Ten aspiring Harvard students learned the hard way this past week that it is possible to get kicked out of college even before showing up to campus in the fall. How could this even happen?
A Facebook group for admitted students that started off with the usual banter of introductions and shared excitement of going to Harvard (who wouldn’t be excited) quickly devolved into posting racially charged and offensive memes. Admissions officer were not impressed and recognized how poorly it reflected upon the school and decided to part ways with the students even before they had picked out classes or bid for dorm rooms in the fall.
When a college admits your child to attend in the fall it is investing in your child to become a brand ambassador for it. When your student wins the Nobel Prize, becomes a partner in a law firm, or starts the next Snap Chat, her bio will proudly mention the college she attended. Thus, your child as a graduate becomes part of that college’s brand. Harvard drew the line in the sand—it did not want racial slurs and other offensive posts being associated with it, so it rescinded offers of admission to the students who created the posts.
We can use this very unfortunate event as a teaching opportunity for our kids. Social media, while connecting us in amazing ways to each other, also leaves an enormous paper trail for people to evaluate our thoughts, associations, and actions. A whopping 69% of admissions officers report looking at applicants’ social media content. Make sure this content shows that your child will propel the college forward and not reflect poorly on it.
There are no bright line rules of what is offensive and what is not. While some will say we know if it is offensive when we see it—that doesn’t really help before posting... I am happy to pass along the same wisdom I got when starting as an Analyst at a Wall Street Investment Bank when it comes to posting anything: the New York Times Test.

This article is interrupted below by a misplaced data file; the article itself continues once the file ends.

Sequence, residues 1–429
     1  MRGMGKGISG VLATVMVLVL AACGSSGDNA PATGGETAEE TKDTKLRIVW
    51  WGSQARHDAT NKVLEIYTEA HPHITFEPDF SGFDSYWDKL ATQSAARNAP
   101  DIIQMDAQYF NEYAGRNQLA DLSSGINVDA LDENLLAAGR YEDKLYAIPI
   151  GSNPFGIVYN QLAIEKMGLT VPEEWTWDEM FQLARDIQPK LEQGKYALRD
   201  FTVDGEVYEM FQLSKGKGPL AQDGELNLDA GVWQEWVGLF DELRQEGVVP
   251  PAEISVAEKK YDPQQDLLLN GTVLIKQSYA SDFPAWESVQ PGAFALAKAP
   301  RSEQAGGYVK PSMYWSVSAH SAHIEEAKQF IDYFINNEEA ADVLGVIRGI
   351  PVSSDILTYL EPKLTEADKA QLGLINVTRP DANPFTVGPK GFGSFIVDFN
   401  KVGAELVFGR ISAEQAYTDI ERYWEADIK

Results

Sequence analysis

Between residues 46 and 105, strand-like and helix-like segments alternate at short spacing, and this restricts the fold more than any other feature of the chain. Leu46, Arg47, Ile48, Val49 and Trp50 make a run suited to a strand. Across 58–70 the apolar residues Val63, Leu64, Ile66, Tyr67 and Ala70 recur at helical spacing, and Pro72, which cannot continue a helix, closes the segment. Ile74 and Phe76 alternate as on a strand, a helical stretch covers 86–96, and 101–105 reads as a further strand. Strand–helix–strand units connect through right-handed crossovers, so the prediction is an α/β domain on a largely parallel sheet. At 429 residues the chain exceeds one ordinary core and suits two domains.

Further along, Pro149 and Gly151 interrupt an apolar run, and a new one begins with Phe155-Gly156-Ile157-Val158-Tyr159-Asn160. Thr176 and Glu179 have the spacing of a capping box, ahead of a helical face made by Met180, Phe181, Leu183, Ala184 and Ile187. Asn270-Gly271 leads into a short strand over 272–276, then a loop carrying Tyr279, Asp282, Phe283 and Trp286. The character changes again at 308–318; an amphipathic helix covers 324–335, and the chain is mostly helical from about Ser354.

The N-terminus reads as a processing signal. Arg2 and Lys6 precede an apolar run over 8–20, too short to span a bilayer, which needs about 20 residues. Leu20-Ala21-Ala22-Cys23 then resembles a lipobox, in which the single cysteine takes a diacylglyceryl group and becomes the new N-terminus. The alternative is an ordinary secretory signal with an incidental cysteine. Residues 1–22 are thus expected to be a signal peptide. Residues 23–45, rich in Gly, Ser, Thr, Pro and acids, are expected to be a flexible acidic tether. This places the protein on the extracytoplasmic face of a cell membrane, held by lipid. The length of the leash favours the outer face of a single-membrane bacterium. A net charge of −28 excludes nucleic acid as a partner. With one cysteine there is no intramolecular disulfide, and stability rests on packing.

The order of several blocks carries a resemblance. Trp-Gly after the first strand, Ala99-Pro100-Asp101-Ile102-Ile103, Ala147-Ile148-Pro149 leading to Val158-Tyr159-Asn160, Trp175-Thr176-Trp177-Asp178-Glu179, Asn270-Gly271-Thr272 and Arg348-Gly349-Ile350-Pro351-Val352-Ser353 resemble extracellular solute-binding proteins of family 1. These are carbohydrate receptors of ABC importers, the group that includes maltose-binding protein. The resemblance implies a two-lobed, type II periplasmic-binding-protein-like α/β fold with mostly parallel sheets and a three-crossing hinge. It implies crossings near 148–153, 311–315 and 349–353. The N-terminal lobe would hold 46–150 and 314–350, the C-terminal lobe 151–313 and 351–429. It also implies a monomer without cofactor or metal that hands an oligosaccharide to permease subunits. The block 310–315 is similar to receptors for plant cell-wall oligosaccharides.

The New York Times Test is simple. All your child has to do before posting, is ask herself, would she want that post, like, comment posted to the front page of the New York Times and attributed to her? If the answer is no, do not post/like/etc. Liking something offensive or politically incorrect can have just as dire consequences as the original post. Things can be taken out of context and an inside joke can make a person look terrible especially as the headline on page one of the New York Times. An education should impart on our kids with the ability to navigate different and difficult situations. Encourage your child to adopt this flexible framework to stay on track and build a great personal brand for college and beyond.
Greg Kaplan is a college application strategist and author of Earning Admission: Real Strategies for Getting into Highly Selective Colleges. He focuses on empowering families to identify and develop their long term paths and stand out to earn admission in the college application process. Kaplan is a graduate of the University of Pennsylvania Wharton School of Business and UC Irvine School of Law. See www.earningadmission.com for more information.